Former World Champion Igor Astarloa is on the verge of retiring at the age of 33. The Spaniard, who is under investigation for irregular blood values under the International Cycling Union's (UCI) biological passport programme, has been unable to find a team for the coming year.
“I will most likely not continue next year,” he told biciciclismo.com. “I can say about 90 per cent that I will hang up my bike.”
Astarloa turned pro in 2000 with Mercatone-Uno, and rode for Saeco, Cofidis, Lampre, Barloworld, Milram and Amica-Chips Knauf in his 10-year career.
His biggest year was 2003, his second year with Saeco. That spring he won the Flèche Wallonne, as the first Spaniard to win a Spring Classic in 76 years. He followed it up with the surprise win in the World road Championships in Hamilton, Canada, in October that year.
Astarloa signed with Cofidis the following season, but stayed with the French team only a few months. The team withdrew itself from competition on April 20, 2004, in order to deal with the doping controversy involving several of its riders. The Spaniard was allowed to leave the team, and he signed with Lampre for the remainder of the year.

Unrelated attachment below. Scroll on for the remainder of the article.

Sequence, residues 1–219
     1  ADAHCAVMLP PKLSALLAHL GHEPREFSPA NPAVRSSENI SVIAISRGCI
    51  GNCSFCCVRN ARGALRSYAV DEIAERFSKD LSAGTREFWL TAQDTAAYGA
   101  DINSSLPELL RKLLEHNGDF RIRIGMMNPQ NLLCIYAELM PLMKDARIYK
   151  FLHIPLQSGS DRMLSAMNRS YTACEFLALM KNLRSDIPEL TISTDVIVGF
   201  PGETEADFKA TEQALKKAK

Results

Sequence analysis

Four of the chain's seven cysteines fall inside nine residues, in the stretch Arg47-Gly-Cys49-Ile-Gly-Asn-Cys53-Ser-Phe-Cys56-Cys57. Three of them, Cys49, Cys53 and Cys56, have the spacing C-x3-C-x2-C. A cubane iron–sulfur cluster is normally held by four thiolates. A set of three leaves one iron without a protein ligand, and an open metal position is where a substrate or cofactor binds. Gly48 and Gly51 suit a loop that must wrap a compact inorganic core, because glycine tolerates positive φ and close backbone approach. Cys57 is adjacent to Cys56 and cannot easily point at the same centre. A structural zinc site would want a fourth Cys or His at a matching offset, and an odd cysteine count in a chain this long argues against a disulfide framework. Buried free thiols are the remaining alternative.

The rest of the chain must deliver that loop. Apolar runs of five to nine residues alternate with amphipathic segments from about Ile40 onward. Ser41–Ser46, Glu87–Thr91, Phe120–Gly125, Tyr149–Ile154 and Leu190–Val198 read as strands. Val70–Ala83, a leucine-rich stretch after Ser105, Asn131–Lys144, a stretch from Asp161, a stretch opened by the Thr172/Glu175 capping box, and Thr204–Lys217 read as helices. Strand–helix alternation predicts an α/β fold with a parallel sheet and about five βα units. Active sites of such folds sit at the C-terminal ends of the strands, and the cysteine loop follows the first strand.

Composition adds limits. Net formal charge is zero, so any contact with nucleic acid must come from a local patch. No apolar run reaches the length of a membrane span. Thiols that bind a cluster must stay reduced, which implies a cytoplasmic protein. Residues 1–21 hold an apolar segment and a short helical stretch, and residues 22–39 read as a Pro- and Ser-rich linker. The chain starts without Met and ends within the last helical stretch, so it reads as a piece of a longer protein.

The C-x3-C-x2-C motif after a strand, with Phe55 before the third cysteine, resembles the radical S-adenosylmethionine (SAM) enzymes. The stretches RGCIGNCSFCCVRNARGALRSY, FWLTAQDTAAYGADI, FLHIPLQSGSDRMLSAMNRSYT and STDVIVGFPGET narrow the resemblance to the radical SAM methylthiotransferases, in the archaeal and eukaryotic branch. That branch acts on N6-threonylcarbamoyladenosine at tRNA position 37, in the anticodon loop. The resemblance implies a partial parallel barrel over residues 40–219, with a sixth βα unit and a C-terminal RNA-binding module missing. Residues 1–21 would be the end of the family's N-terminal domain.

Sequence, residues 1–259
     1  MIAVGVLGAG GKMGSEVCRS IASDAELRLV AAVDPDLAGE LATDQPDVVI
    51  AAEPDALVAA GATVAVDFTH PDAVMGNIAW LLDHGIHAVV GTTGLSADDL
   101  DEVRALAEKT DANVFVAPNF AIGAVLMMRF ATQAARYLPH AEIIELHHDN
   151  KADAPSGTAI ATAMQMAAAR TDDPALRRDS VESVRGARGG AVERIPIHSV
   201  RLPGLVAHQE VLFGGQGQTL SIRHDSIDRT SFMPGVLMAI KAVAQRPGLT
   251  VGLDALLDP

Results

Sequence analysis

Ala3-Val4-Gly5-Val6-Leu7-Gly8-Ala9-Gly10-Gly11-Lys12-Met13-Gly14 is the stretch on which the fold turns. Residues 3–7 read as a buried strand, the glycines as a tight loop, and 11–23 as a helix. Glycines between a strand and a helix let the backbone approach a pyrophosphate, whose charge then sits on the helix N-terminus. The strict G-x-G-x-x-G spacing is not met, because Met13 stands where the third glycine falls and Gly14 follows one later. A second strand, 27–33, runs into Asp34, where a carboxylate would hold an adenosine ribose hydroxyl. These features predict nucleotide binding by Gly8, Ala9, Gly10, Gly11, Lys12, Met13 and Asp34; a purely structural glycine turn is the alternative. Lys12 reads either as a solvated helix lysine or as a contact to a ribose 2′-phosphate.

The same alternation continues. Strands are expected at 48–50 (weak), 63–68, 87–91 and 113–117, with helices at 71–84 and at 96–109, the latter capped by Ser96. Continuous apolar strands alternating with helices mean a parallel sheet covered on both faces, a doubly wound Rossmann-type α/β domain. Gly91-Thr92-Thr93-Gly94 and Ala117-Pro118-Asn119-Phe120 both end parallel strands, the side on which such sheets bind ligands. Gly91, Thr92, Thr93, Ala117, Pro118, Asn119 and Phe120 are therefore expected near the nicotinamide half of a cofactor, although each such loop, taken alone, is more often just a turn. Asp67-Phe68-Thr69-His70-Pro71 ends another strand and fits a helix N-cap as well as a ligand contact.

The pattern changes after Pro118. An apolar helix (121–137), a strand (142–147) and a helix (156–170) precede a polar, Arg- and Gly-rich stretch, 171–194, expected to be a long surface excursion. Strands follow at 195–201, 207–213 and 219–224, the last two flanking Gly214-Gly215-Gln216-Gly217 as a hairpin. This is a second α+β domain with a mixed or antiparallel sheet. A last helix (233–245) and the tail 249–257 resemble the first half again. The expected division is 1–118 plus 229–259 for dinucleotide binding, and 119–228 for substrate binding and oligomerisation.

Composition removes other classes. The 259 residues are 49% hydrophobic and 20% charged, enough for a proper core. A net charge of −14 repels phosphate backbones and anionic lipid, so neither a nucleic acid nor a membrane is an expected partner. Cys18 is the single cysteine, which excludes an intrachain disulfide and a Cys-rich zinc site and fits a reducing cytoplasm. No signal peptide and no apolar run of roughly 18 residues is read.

After two years with second-division Barloworld, Astarloa surprisingly returned to the top division with Team Milram in 2007. In his first year with the German team, he was only able to ride through until mid-June, when he had to stop due to a toxoplasmosis infection.
Milram announced on May 29, 2008, that it had ended his contract with Astarloa due to irregular blood values. He denied any manipulation.
He then signed with the division three team Amica Chips-Knauf for the 2009 season, but the team stopped due to financial reasons the end of May.
Astarloa's string of bad news continued as he was named in June of this year for being one of the first five riders to be investigated under the UCI's biological-passport programme. With the investigation continuing, disiplinary action is yet to been taken against Astarloa.